Jerusalem: Negist Mengesha’s first venture in Israeli politics ended poorly. She ran in the 1994 Knesset elections on the slate of a small women’s party, none of whose candidates were elected.
Next week, Mengesha is a candidate again, No.15 on the slate of the Meretz party. If elected, she will become the first Ethiopian Jewish woman to serve in the Knesset.
"I am not only a symbol" of one immigrant group’s progress in Israeli society, she says. "My intention is to win."
Mengesha, a 49-year-old social worker who lives in Bat Ayin, says "I think I will be a role model" for other Ethiopian immigrants.
Born in a village "a three-hour walk" from Gondar in northern Ethiopia, she worked in the prison system there, came to Israel alone in 1984, earned her bachelor’s degree at Bar-Ilan University and master’s at Hebrew University and became an activist for fellow immigrants.
Six years ago she founded Fidel, the Association for Education and Social Integration of the Ethiopian, which sponsors a variety of cultural and family assistance programs.
As executive director of the association, as the former host of an Israeli television program geared to Ethiopian olim, and as an immigrant who was chosen to light a torch at the opening of Israel’s 50th anniversary celebration, Mengesha is a leader of the country’s 80,000-strong Ethiopian community.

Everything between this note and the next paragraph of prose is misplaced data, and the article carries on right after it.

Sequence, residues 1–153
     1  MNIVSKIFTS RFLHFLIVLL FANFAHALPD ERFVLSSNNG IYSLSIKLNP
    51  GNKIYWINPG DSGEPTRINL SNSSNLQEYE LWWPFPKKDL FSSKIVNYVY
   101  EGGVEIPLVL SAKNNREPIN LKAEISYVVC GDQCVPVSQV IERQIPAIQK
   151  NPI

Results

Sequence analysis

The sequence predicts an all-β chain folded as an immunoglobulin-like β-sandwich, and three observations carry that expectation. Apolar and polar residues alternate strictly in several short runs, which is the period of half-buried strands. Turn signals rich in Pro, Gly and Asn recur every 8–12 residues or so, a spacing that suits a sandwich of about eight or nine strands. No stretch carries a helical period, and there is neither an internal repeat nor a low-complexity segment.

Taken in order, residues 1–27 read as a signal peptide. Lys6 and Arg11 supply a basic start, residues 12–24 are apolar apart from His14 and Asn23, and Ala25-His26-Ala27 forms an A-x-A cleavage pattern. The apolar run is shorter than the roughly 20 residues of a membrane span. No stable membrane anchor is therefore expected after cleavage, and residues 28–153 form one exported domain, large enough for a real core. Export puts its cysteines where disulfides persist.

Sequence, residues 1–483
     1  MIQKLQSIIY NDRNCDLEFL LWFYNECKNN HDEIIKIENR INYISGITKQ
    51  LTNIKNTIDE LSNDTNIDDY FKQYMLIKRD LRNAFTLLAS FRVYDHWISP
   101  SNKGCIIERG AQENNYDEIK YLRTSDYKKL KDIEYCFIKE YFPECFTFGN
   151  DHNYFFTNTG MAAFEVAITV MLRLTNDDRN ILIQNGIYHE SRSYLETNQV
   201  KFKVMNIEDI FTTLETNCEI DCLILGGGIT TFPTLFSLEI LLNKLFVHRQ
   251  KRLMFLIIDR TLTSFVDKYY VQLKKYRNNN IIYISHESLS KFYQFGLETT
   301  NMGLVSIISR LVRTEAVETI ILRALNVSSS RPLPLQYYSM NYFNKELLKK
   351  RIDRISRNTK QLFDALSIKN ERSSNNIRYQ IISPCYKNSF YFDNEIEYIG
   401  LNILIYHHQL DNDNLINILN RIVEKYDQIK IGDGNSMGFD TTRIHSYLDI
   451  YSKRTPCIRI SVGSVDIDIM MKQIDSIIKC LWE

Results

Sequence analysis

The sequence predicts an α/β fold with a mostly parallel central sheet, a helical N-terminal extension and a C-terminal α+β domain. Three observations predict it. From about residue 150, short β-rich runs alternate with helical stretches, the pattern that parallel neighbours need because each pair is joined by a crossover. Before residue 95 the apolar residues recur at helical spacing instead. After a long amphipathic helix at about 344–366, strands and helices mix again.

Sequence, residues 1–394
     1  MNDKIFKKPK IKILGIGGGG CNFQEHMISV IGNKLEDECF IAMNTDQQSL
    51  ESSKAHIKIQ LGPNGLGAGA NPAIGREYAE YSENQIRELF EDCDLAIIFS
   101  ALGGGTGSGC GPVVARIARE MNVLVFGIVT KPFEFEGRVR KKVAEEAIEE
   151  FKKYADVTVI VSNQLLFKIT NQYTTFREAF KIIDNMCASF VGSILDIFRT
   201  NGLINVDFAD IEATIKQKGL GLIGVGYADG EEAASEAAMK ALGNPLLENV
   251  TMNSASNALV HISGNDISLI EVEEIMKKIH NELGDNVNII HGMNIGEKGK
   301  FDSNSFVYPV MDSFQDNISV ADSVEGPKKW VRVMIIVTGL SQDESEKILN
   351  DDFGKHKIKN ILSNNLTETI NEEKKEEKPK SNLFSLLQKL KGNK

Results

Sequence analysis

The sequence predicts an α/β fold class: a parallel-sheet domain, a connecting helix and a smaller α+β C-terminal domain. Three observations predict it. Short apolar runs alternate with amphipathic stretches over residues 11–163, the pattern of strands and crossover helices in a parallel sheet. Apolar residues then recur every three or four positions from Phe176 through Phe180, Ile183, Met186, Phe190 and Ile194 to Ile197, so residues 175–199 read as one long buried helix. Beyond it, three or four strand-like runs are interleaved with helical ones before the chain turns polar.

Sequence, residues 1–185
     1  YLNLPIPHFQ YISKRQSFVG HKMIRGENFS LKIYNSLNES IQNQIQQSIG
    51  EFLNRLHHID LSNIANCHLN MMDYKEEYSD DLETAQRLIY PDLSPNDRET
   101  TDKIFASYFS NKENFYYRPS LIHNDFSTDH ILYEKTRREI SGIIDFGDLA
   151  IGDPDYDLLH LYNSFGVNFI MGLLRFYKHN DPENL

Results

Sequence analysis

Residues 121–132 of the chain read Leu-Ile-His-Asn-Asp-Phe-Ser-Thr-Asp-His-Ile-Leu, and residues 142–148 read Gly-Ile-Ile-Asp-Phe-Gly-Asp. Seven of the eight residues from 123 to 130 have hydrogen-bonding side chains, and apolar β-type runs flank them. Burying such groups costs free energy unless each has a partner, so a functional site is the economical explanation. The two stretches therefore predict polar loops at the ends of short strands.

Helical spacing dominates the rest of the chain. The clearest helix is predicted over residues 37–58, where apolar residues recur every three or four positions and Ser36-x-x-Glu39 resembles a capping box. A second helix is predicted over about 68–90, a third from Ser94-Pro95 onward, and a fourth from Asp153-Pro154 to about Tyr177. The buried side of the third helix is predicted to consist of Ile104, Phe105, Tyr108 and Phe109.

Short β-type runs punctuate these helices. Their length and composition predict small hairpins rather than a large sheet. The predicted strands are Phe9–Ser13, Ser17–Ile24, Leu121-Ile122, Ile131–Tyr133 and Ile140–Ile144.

While her candidacy is a symbol of the growing political strength of Israeli women (a coalition of Israeli women recently urged parties to increase women’s representation) and the growing electoral presence of Ethiopians (while they represent only one seat in the 120-member Knesset, more election pamphlets in Amharic are circulating this year), her candidacy in Tuesday’s election is still a longshot.
Meretz, a left-wing party, has 11 seats in the current Knesset, and public opinion polls indicate it will lose a few.
"No way" Meretz will elect 15 candidates, says Joseph Goell, a Jerusalem Post columnist and retired political science lecturer at Hebrew University.
Mengesha’s candidacy "is a first," Goell says. But, he adds, with security issues dominating, an immigrant running on a minor party ticket has attracted little notice.
"The whole Ethiopian issue is much more prominent among liberal, American Jews than in Israel," he says. In Israel, the uniqueness of an Ethiopian woman running for a Knesset seat "speaks to the sensibilities of left-wing, New Age cultural values."
Mengesha joined Meretz, a fiercely secular party with an antireligious reputation that brought the first Arab woman and the first openly homosexual to the Knesset, two years ago. Meretz, she says, "is the only party that gives attention to the Ethiopian issue."
Mengesha says she received several mazel tov letters and faxes from Ethiopian olim when selected to the Meretz list. If elected, she will be the second Ethiopian in the Knesset: an Ethiopian man from Labor served one term a decade ago.
If not, she’s looking ahead to the next Knesset elections.
"If not now," Mengesha says, "next time."